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Dr Grammar

Grammar

Posted by dannysam   18 Oct 2013 9 34 am

The following scripts were downloaded from BBC Learning English. I have got two questions about grammar needed your help.

Script 1

Jennifer : My name is Jennifer. I am joined in the studio by Neil.

My question is Jennifer used passive voice "am joined" to describe her situation.

1. Did she mean she was asked or invited by Neil to the studio?

2. Can I say " I've joined in the studio with Neil "? Or " I am joining in the studio with Neil?

Script 2

Jennifer : In this episode, we are going to be talking about cycling and how to keep safe on the road.

Could you tell me the difference between " we are going to be talking " and " we are going to talk"?

Best regards
Danny Sam


 
 

Teacher
Posted by alex stringer   18 Oct 2013 9 58 am

Hi Danny,

joining somebody

It means Jennifer was already in the studio and then Neil came in. It's a common way for radio presenters to announce the arrival of another person such as a second presenter or a guest.

Note that if Neil joins Jennifer, Jennifer is there first and Neil arrives. If you put it round the other way, you change the meaning.

You could express the same idea in other ways:

Neil has (just) joined me in the studio.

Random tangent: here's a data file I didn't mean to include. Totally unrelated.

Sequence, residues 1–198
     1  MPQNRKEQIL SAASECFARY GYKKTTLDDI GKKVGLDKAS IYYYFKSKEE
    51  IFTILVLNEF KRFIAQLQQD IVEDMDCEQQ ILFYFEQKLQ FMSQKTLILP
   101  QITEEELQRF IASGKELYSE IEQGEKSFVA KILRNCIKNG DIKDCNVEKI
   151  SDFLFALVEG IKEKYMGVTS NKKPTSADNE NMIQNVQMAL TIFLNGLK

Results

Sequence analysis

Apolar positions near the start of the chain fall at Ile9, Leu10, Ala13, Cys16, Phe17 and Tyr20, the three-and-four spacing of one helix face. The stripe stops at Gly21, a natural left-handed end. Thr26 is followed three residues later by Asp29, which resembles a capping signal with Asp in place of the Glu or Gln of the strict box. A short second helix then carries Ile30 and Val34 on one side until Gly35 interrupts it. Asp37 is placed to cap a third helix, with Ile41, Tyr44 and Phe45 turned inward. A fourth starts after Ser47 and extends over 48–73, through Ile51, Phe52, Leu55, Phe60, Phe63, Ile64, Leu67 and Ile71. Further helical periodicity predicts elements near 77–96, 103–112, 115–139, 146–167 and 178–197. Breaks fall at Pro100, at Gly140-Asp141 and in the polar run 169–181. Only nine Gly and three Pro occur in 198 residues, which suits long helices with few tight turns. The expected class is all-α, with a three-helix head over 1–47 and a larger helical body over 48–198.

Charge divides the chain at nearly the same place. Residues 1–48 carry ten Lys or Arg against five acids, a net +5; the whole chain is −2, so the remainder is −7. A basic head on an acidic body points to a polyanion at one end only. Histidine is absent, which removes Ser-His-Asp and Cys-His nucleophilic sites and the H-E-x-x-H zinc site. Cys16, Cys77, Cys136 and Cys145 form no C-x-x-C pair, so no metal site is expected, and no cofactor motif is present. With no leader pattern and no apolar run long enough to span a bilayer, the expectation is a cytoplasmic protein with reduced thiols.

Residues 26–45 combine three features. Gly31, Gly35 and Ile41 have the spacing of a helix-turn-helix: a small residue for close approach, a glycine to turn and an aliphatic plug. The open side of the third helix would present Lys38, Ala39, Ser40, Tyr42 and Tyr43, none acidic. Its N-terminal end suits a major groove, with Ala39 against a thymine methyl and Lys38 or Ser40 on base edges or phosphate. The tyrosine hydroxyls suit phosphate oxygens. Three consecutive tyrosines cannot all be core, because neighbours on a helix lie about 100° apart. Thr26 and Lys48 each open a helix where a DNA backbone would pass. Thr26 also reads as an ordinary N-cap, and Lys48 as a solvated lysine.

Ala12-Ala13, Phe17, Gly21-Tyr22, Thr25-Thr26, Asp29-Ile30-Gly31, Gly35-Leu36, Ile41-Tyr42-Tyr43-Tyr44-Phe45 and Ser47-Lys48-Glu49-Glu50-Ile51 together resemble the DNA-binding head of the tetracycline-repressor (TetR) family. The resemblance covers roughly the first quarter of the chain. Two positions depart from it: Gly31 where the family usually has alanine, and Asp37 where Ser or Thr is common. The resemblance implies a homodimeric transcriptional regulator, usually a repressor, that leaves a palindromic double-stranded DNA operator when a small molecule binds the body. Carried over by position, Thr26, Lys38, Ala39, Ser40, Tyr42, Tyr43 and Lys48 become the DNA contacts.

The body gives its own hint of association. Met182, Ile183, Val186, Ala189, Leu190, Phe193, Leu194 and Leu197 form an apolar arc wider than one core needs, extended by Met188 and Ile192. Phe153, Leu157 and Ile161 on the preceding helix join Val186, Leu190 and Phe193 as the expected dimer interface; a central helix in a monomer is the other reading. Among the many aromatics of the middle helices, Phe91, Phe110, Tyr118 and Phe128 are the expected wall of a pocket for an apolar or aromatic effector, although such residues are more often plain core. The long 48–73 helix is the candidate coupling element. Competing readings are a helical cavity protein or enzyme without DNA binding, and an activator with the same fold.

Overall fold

I've (just) been joined in the studio by Neil.
Neil (now) joins me in the studio (now).


You will see that often a choice of tenses is possible in English with no significant change in meaning.

going to / future continuous

This is a tricky one. We often use be+going to for plans and intentions, so it's quite natural here.

It's also common to use the future continuous for things that have been arranged or are definitely going to happen. It can indicate that the action will continue over a period of time or be repeated, as in your example:

We'll be working on the drawings next week.
We're going to Italy for our holidays this year so we'll be eating a lot of pasta.


Text books usually over-simplify the use of the future continuous and say it's used to describe an action in progress at a point in time in the future:

I will be lying on the beach this time tomorrow. - i.e at (whatever time it is now) you will already be on the beach at the same time tomorrow.

But there's more to it than that.

Alex
 
 

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